March 7, 2019
The Wall Street Tax Act, introduced this week by Sen. Brian Schatz (D-Hawaii) in the Senate and Rep. Peter DeFazio (D-Ore.) in the House, would make our tax system fairer and put the brakes on corporate greed.
The legislation would implement a small 0.1% tax on transactions of stocks, bonds, and derivatives to discourage speculative financial trading that can harm the economy. Just like most Americans pay a sales tax on the goods and services that we buy every day, Wall Street traders should pay a similar fee. The funds generated by the Wall Street Tax could be used to support national priorities that help working families….
Progressive Tax Takes Aim at Wall Street Transactions, Financial Crashes
“In the current moment of surging support for taxing the wealthy, this sensible Wall Street tax may have a good shot.”
Democrats on Tuesday proposed a tax on Wall Street transactions which could stop another financial crash and bring in $777 billion over the next decade.
“The Wall Street Tax Act would tax the sale of stocks, bonds, and derivatives at 0.1 percent,” said Sen. Brian Schatz (D-Hi.), who introduced the bill (pdf) with U.S. Senator Chris Van Hollen (D-Md.) as lead co-sponsor.
“A stock trade of $1,000 would incur a tax of just one dollar,” Schatz added.
The bill was also cosponsored in the Senate by Sen. Kirsten Gillibrand (D-N.Y.), who is seeking the Democratic nomination for president, and Sen. Jeff Merkeley (D-Ore.), who is not.
The House version of the bill was introduced by U.S. Representative Peter DeFazio (D-Ore.) with the support of Representatives Rosa DeLauro (D-Conn.), Raul Grijalva (D-Ariz.), Pramila Jayapal (D-Wash.), Ro Khanna (D-Calif.), Grace Napolitano (D-Calif.), Alexandria Ocasio-Cortez (D-N.Y.), Chellie Pingree (D-Maine), Mark Pocan (D-Wis.), Jan Schakowsky (D-Ill.), and Peter Welch (D-Vt.).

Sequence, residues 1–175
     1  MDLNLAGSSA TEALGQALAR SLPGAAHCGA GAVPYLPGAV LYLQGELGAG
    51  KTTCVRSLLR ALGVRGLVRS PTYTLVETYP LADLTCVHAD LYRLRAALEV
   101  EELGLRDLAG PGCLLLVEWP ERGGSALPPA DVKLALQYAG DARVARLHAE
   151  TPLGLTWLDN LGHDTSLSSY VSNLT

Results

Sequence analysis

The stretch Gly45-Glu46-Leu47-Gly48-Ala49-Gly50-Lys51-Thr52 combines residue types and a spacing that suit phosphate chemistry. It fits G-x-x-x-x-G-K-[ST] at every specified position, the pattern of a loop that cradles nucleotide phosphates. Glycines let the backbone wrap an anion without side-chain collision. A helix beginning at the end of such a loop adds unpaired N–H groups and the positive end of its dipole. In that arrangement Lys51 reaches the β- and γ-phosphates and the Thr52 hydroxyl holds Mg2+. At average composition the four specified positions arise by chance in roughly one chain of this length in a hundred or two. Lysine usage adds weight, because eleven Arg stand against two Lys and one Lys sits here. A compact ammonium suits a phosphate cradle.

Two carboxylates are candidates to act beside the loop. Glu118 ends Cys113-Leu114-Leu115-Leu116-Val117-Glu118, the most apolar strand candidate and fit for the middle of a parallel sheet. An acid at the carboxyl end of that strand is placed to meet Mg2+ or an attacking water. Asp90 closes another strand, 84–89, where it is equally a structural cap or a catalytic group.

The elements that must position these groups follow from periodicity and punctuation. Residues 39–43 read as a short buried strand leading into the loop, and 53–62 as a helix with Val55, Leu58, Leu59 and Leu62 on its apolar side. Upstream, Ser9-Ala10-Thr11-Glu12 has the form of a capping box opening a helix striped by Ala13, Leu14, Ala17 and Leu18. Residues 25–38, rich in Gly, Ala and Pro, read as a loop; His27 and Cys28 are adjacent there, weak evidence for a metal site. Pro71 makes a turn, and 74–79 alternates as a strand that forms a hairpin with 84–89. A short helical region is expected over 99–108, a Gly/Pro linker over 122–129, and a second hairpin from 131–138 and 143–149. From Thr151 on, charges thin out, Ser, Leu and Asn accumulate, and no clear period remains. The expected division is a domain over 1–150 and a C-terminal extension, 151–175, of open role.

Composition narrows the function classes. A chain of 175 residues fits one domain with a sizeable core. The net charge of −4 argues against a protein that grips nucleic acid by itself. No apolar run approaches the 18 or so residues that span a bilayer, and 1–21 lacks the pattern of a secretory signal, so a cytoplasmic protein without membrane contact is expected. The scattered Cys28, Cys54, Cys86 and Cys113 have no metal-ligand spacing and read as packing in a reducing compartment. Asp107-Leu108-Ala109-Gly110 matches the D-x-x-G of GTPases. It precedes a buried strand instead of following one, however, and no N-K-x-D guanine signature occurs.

In an opinion piece published Tuesday, Sarah Anderson, the director of the Global Economy Project of the Institute for Policy Studies, said the tax was needed for market stability. Citing the use of high frequency trades by “stock scalpers”—traders who, millions of times a day, use microsecond advantages to drive up stock prices in advance of trades—Anderson argued that the tax could stop those traders from fleeing a volatile market in the case of a downturn; an acceleration of financial disaster known as a “flash crash.”…
Democrats target financial services with Wall Street Tax Act
Senator Brian Schatz and Congressman Peter DeFazio will introduce new legislation to tax transactions of stocks, bonds and derivatives at 0.1 percent. The lawmakers say it will race over $750 billion over a the course of a decade. Rep. De Fazio says his main goal is to rain in high speed trading. CNBC’s Ylan Mui reports.
Webster Tarpley on the Wall Street Sales Tax
The United Front Against Austerity demands a 1% Wall Street Sales Tax at the Inauguration
The United Front Against Austerity (UFAA) brought a message to the Presidential Inauguration on Monday, January 21, 2013 demanding a 1% Wall Street Sales Tax to counter austerity policies. Dr. Webster Tarpley speaks to the large crowd leaving the National Mall.
That was 4 years ago, finally getting some minimal traction in congress.
IMO this won’t be brought to the floor this session, but it’s a great idea.
And beginning with .1% instead of 1% is fine too.
Just to see the effect. What we want to do is raise revenue and put a lid on speculative high frequency trades.
Not stall the market.
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